Kane Williamson said New Zealand were content with starting out as underdogs in the World Cup final on Sunday at Lord's where they will battle against number one ranked one-day international side England for cricket's ultimate prize.
This marks New Zealand's second successive final as they came second-best to a rampant Michael Clarke-led Australian side in the 2015 edition of the tournament.
The Black Caps' performance in the group stage followed a downward trajectory as the tournament progressed but Williamson's men made a tremendous recovery in the semi-final clash against India to defy the odds and complete a shock 18-run win over the strong title contenders.
"To be involved in a World Cup and be representing your country, let alone to turn up here at the home of cricket and be involved in a final is pretty special," Williamson spoke on the eve of Sunday's game.
"I think England rightly deserve to be favourites."
"Coming into this tournament from the start, they were favourites and they've been playing really good cricket," added Williamson, whose team had earlier been defeated by England in the tournament.
"But whatever dog we are, it's just important that we focus on the cricket that we want to play and we have seen over the years that anybody can beat anybody -- regardless of breed of dog."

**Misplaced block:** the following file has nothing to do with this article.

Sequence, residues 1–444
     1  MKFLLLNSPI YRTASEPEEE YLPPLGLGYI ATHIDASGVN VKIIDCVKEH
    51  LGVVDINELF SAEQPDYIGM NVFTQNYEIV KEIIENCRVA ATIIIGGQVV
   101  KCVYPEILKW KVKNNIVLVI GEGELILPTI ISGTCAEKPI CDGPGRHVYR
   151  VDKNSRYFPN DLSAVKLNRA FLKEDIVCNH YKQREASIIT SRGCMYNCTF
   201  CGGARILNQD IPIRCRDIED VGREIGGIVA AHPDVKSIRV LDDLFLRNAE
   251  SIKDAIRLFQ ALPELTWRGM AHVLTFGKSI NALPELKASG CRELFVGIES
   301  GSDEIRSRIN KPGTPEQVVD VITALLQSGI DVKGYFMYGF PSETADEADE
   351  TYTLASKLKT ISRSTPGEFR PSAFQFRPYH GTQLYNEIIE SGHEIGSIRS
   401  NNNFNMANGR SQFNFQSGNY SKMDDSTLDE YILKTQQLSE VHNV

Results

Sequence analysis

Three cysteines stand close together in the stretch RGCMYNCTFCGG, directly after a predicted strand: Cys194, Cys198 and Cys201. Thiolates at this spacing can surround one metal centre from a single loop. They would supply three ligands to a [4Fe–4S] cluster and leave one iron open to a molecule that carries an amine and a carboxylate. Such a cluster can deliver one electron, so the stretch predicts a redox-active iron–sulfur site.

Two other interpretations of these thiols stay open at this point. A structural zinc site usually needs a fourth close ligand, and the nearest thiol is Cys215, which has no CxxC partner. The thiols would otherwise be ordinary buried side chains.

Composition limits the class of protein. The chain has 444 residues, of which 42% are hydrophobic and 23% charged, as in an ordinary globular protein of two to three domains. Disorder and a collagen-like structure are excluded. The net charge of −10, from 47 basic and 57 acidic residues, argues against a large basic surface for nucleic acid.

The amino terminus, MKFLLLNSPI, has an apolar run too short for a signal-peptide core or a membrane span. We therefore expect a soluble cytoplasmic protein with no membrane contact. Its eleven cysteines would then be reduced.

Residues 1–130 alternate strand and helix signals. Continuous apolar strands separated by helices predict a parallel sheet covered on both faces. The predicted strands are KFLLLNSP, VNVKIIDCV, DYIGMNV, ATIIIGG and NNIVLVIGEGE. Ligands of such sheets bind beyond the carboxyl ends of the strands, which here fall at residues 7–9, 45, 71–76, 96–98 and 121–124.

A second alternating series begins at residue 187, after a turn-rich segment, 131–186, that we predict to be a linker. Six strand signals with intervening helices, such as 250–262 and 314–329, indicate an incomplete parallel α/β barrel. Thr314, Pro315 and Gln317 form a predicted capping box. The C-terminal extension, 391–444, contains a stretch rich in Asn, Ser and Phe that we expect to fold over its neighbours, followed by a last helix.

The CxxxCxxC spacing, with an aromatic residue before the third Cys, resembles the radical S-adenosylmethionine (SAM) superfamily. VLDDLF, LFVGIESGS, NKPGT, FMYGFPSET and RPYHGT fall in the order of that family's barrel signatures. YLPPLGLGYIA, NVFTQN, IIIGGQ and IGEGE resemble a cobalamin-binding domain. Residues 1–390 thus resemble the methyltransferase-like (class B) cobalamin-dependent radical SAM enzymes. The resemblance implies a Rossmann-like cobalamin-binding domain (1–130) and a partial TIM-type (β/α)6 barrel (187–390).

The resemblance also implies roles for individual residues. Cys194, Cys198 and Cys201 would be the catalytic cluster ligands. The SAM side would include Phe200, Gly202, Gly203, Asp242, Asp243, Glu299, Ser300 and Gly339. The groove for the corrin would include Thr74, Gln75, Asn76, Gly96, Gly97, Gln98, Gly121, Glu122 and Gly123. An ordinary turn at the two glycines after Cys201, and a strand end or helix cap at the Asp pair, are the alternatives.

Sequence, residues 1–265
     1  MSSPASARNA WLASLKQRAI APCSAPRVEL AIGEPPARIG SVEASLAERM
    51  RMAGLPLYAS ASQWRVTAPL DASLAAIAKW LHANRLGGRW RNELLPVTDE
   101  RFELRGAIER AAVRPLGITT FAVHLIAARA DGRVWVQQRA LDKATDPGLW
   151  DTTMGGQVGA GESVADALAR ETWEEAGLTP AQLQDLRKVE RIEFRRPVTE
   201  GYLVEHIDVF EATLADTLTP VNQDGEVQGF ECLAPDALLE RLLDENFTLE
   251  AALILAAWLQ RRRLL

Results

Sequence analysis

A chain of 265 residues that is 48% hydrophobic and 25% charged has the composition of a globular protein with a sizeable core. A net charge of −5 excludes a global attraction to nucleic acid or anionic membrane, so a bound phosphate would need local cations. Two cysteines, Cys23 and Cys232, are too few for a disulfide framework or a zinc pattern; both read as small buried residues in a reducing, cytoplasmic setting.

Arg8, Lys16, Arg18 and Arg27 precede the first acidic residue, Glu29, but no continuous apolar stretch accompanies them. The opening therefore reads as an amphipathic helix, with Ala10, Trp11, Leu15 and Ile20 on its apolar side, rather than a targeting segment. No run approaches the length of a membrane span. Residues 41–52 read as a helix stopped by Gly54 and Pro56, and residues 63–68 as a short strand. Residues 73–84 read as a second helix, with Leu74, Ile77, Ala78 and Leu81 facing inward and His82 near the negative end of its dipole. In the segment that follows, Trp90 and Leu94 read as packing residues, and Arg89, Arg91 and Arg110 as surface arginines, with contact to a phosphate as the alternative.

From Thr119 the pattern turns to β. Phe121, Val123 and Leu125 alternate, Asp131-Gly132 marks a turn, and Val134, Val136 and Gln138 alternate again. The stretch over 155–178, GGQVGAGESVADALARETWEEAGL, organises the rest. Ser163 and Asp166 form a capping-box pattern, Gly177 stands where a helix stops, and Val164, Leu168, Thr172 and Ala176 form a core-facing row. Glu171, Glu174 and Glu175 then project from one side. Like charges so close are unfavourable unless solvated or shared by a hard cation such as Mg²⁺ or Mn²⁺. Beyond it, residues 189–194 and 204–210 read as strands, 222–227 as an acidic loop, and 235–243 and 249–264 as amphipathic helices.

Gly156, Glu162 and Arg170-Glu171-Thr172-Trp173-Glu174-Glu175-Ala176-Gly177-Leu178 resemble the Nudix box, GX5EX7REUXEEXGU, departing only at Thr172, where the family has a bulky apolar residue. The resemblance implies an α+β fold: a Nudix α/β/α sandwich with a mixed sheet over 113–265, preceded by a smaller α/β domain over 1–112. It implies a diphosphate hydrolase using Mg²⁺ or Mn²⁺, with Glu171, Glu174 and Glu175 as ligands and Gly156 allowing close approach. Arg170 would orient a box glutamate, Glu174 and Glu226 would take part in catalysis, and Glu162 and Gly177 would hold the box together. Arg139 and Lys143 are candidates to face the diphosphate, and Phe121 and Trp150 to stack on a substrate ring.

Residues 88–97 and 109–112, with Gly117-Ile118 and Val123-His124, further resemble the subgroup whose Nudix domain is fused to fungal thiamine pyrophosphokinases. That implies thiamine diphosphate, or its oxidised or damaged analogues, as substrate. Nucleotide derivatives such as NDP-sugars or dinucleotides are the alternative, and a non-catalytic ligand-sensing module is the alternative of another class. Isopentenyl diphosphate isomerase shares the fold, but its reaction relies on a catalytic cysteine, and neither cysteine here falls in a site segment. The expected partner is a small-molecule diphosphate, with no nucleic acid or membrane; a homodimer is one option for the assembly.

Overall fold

All the talk about New Zealand being dubbed as "party poopers" amused Williamson who commented: "You talking about dogs again, hey? Underdogs?"
Williamson refuted all insinuations of his side being free from pressure by claiming New Zealand were equally keen on going one better than the 2015 final and registering their maiden World Cup title.
"We are quite keen on winning as well," he said. "There's all different bits of pressure on anybody.
"Whether having had experience in a final or not is a good thing -- any final you get the opportunity to play in is a really positive thing.
"But at the same time, as we know in this game nothing promises, so it does come down to putting a performance on the board that gives us the best opportunity to win."
Williamson has consistently garnered accolades for maintaining a calm presence on the field whereby he is able to conceal his emotions and provide the team with a sense of stability even during calamitous game situations.
"It's forever learning, learning about the game and about yourself and different emotions that you can feel," he said. "But as a group, for us it is important that we are level and keep peeling it back to what is important."
The Lord's pitch on Saturday looked to be covered with a green tinge but Williamson was hesitant in making conclusions on the nature of the surface a day before the game and reserved his judgement for when the captains would stroll out for the coin toss.
"Perhaps it's encouraging to seam bowlers on both sides," he said. "But we don't know what the wicket has in store, there's still a bit of time between now and the start of play.
"Usually, it's a fairly fair surface here but, at the same time, one that guys need to adapt quickly to, like any other surface we have seen in the World Cup."